(TRENTON) – Legislation sponsored by Assemblyman Daniel Benson, Assemblyman Wayne DeAngelo and Assemblywoman Annette Quijano providing tax credit subsidies to small companies in the life sciences field as an incentive to create paid internship opportunities for college students was released Monday by an Assembly panel.
The bill (A-4094) would create “The New Jersey Life Sciences Internship Challenge” program, which provides a tax credit subsidy to small life science companies to establish a limited number of paid summer internships in the life sciences field for undergraduate students from New Jersey and undergraduate students attending New Jersey schools.
“This bill helps New Jersey students attain paid work experience in the life sciences field,” said Benson (D-Mercer/Middlesex). “These companies represent well-paying jobs for our graduates. By targeting smaller companies, we are helping them to grow and bolster this vital segment of our state’s economy.”
“It’s almost expected for college students to build up their work experience by participating in internship programs,” said DeAngelo (D Mercer/Middlesex). “This particular program gives our college students a paid option in a burgeoning field that offers good wages to its workers, while strengthening the companies that will one day be looking to hire the best prospects.”
“Many careers began with a well-placed internship. Unfortunately, not all college students can afford to take an unpaid internship,” said Quijano (D-Union). “This program affords them the opportunity of experience and a paycheck, and gives the participating companies the chance to cultivate these students to be the type of professionals they will want to hire after graduation.”
Under the bill, the New Jersey Economic Development Authority would administer the program and set the number of internships eligible to receive a tax credit subsidy each year, which may be up to 150.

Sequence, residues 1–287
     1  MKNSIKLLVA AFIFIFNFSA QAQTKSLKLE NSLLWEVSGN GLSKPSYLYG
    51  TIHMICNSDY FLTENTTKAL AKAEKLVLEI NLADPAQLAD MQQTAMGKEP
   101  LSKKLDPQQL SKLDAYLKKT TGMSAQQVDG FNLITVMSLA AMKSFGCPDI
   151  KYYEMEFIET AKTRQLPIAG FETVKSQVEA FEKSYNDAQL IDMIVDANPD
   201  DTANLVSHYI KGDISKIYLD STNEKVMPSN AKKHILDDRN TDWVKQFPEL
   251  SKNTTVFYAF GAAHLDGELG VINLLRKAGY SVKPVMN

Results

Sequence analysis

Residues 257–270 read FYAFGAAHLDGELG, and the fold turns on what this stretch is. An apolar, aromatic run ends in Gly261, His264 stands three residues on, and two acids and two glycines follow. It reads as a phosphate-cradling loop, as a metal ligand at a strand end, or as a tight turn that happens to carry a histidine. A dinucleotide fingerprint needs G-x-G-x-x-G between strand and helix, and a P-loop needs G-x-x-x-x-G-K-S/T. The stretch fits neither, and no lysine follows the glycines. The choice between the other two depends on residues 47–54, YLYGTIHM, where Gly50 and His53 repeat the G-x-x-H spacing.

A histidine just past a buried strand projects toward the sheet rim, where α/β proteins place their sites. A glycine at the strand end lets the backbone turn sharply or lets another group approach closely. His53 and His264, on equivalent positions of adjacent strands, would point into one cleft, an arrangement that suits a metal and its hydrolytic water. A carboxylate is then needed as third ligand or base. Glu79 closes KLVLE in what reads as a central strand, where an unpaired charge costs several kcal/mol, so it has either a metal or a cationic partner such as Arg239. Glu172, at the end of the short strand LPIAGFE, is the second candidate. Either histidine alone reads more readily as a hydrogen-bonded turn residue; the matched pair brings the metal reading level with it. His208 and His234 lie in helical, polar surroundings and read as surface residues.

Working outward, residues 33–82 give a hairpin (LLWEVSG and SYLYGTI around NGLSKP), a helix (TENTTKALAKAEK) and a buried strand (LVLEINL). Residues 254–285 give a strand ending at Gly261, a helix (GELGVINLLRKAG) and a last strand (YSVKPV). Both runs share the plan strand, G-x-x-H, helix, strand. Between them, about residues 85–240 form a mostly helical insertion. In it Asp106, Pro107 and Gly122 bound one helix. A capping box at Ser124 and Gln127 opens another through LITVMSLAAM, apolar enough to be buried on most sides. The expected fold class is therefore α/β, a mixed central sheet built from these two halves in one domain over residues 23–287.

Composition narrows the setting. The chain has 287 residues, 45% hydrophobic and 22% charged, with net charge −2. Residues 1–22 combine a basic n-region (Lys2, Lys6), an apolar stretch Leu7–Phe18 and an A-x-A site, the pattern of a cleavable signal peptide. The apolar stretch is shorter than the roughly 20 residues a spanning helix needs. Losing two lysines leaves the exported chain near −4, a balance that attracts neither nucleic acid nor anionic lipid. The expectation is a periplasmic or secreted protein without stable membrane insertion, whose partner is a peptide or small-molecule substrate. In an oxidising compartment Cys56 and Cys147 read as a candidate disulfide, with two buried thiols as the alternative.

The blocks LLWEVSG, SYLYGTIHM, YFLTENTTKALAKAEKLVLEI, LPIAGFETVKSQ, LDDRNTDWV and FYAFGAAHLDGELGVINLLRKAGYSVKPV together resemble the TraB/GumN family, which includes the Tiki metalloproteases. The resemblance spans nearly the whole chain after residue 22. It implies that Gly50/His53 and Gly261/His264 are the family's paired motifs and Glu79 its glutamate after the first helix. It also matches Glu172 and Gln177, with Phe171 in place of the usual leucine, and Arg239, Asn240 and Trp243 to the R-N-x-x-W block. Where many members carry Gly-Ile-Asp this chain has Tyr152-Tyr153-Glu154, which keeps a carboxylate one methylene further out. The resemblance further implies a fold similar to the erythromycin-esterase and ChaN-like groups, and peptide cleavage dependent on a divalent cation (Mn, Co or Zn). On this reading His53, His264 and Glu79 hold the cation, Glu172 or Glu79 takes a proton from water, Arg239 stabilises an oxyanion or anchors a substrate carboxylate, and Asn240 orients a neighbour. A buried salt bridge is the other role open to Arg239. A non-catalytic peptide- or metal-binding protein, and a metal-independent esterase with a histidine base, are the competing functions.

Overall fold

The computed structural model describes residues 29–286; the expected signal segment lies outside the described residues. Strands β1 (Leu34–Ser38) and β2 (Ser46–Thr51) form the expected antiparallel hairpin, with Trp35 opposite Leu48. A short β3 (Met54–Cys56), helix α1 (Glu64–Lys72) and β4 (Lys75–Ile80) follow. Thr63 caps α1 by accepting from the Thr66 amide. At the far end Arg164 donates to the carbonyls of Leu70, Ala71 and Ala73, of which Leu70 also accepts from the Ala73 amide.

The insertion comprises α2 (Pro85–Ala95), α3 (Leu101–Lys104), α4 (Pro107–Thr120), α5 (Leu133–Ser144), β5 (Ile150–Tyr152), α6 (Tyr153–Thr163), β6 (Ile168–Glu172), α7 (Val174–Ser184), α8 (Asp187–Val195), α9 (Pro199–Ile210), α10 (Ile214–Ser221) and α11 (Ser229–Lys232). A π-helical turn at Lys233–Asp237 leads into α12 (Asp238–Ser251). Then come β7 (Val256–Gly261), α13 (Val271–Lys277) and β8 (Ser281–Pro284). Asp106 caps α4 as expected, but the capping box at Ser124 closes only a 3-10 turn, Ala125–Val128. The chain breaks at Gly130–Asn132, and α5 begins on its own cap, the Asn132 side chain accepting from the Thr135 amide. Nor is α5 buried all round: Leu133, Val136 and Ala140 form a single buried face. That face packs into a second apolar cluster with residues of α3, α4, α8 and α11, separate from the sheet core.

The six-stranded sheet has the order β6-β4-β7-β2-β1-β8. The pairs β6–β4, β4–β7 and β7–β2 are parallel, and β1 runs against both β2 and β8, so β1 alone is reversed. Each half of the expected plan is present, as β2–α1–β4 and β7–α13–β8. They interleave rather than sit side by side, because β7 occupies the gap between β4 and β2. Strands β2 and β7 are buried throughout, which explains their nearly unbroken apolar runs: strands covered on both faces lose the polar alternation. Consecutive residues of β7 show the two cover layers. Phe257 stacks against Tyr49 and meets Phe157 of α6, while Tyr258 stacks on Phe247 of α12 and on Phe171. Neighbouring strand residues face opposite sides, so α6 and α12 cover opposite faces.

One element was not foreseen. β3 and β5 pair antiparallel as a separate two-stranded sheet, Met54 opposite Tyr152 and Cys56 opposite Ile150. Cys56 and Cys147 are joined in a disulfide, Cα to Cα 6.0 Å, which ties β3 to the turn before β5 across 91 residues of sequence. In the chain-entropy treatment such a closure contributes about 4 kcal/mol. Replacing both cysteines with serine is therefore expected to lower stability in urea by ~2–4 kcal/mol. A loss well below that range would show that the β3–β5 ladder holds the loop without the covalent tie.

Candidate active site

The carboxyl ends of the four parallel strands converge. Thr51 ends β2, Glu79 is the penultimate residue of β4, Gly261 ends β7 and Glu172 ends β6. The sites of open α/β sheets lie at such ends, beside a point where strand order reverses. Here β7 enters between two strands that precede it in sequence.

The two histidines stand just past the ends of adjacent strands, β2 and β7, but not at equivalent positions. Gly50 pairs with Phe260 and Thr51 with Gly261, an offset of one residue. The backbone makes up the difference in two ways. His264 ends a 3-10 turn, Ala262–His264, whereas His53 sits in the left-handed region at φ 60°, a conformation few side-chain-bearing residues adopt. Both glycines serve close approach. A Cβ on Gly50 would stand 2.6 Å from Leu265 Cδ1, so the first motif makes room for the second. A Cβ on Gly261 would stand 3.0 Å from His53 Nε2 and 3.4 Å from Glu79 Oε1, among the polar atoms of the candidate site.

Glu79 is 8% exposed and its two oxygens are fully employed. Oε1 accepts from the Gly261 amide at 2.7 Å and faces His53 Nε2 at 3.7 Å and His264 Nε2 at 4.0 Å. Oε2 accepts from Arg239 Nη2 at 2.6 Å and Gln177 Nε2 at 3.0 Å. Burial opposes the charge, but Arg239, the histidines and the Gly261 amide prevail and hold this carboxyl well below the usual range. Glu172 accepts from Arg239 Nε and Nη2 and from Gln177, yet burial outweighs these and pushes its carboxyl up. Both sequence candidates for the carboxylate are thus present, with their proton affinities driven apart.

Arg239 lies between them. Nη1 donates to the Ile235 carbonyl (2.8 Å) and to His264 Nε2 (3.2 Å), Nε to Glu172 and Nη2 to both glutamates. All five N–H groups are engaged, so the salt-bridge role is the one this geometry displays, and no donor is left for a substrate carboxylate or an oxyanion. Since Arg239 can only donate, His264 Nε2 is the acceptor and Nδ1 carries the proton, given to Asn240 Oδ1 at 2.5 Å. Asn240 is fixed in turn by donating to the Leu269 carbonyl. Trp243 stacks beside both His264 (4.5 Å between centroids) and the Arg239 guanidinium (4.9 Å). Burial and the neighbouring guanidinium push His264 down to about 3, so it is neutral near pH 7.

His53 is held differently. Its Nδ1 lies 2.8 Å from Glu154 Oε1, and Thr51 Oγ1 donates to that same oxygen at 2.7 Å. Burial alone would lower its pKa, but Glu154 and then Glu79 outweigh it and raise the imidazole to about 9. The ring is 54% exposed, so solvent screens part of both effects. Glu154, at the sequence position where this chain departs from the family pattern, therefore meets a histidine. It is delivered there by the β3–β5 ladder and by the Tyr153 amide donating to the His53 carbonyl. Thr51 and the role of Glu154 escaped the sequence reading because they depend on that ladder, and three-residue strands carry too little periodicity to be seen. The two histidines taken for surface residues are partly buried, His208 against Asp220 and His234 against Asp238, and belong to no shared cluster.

The amount of the tax credit would be equal to the wages paid to the intern, up to a limit of 20 hours per week at $15 per hour, for a maximum of 12 weeks. The bill does not prevent a participating company from paying a higher wage to its interns or for hiring them for more hours, but any wages paid beyond the limit set by the bill would not be eligible for the tax credit subsidy.
Any life science company with a research laboratory within New Jersey may hire summer interns through the program, but only companies that have their principal place of business in the state and have fewer than 100 employees are eligible to receive the tax credit subsidy.
The students hired must be either New Jersey residents or full-time students at a college or university located within New Jersey, or have completed at least two full-time academic years at a college or university, or its equivalent in part time credits. Participating students must not have graduated more than one year earlier than the start of the internship.
The bill was released by the Assembly Commerce and Economic Development Committee.